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special education in other countries
Carol Kinlan

In “Learning from Finland,” Pasi Sahlberg highlights reasons for the success of Finland’s educational system – noting, in particular, that Finns highly regard and strongly support their teachers, and that local schools are given great independence.

It turns out that there are additional lessons to be learned from Finland when it comes to special education.

In a 2010 paper comparing special education in Finland and the U.S., Tiina Itkonen and Markku Jahnukainen report that Finland’s educational structures are very flexible, with teachers enjoying high levels of authority and autonomy. Diagnostic labels for students struggling with learning disorders are rarely used and students receive immediate support when they begin to experience academic difficulty. A formal diagnosis is not a prerequisite to receiving extra help. Finland’s more open-ended and flexible policies, according to Itkonen and Jahnukainen, result in a radical drop in the prevalence of learning disorders at the secondary-school level.

In contrast to Finland, special-education policies in the U.S. are bureaucratic. Our policies for determining eligibility and services – based on the medical model – are rigid, complex and prescriptive. Navigating the special-education system can be downright nightmarish for parents. And, as special educators know, individualized education programs (IEPs) are products of federal special-education statutes – hardly a model for encouraging parent-teacher cooperation and shaping student performance based on an individual’s learning profile.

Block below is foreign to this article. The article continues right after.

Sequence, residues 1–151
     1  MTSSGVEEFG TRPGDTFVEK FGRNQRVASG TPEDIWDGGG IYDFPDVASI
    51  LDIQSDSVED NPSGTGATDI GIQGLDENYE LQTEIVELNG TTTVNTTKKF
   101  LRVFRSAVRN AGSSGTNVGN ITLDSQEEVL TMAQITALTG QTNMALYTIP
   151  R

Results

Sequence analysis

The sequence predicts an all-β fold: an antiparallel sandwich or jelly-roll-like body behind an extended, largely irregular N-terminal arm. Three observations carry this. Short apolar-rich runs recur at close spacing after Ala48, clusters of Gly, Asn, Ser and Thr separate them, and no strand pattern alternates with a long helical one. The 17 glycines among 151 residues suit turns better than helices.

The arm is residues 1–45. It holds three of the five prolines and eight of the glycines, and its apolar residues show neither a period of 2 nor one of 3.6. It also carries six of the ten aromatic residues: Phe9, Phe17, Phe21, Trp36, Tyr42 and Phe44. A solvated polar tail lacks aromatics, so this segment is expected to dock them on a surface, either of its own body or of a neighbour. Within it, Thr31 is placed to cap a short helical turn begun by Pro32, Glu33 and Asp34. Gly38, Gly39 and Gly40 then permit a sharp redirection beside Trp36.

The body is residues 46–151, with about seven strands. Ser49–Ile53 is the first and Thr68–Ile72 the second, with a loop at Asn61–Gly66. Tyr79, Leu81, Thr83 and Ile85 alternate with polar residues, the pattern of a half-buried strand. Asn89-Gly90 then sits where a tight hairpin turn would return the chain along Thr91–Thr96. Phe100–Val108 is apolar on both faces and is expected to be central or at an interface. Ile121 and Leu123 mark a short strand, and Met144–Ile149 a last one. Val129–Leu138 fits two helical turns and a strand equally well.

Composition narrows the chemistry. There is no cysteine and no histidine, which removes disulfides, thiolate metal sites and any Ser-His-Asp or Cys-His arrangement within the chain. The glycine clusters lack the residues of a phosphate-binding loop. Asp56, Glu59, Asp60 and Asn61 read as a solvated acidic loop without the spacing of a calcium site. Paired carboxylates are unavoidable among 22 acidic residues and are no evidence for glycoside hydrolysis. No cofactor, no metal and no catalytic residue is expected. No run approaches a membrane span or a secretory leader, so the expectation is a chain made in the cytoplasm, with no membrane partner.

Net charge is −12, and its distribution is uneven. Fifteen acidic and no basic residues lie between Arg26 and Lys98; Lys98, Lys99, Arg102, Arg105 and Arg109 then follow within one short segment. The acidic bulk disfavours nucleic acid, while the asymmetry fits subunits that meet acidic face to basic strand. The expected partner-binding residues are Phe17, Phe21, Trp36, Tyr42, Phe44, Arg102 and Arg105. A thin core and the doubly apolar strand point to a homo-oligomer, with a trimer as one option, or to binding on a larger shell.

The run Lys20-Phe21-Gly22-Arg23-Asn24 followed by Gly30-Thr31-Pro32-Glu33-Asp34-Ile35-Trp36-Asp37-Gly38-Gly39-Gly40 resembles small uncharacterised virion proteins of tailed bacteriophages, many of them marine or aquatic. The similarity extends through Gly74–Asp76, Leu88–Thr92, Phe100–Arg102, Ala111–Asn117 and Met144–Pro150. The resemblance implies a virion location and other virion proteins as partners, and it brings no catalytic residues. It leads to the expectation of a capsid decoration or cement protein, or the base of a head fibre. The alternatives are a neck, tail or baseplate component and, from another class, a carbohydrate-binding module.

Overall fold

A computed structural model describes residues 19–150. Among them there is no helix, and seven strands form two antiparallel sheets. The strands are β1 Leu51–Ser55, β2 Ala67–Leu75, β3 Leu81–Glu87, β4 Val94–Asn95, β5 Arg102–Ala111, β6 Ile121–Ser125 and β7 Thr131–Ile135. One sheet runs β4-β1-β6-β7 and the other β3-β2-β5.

Most importantly, the U.S. educational system, in contrast to Finland’s, does a poor job of identifying weak students in the earliest grades and supporting them effectively. The result is a time-consuming and frustrating process for parents who struggle to determine exactly why their child is faltering in school – and what they can do to help them. In the U.S., preschool and elementary teachers are not consistently given training to identify and remediate children who display clear early signs of reading- or other language-based disorders. This is problematic because there’s a critical neural-cognitive window – open roughly from ages 3 to 7 – during which the acquisition of reading skills is optimal. As a leading literacy expert has found, between 65 and 75 percent of children identified as reading-disabled early on “continue to read poorly through their school careers (and beyond).”

Learning disorders, especially in reading, are among the bigger factors impacting the academic success of students in the U.S. According to the National Institutes of Health, 15-20 percent of U.S. children have language-based learning disabilities – and in four out of five cases, the disability is related to reading. This reality helps account for the U.S.’s 12th-place finish in reading literacy among the 34 countries that participated in the most recent Programme for International Student Assessment.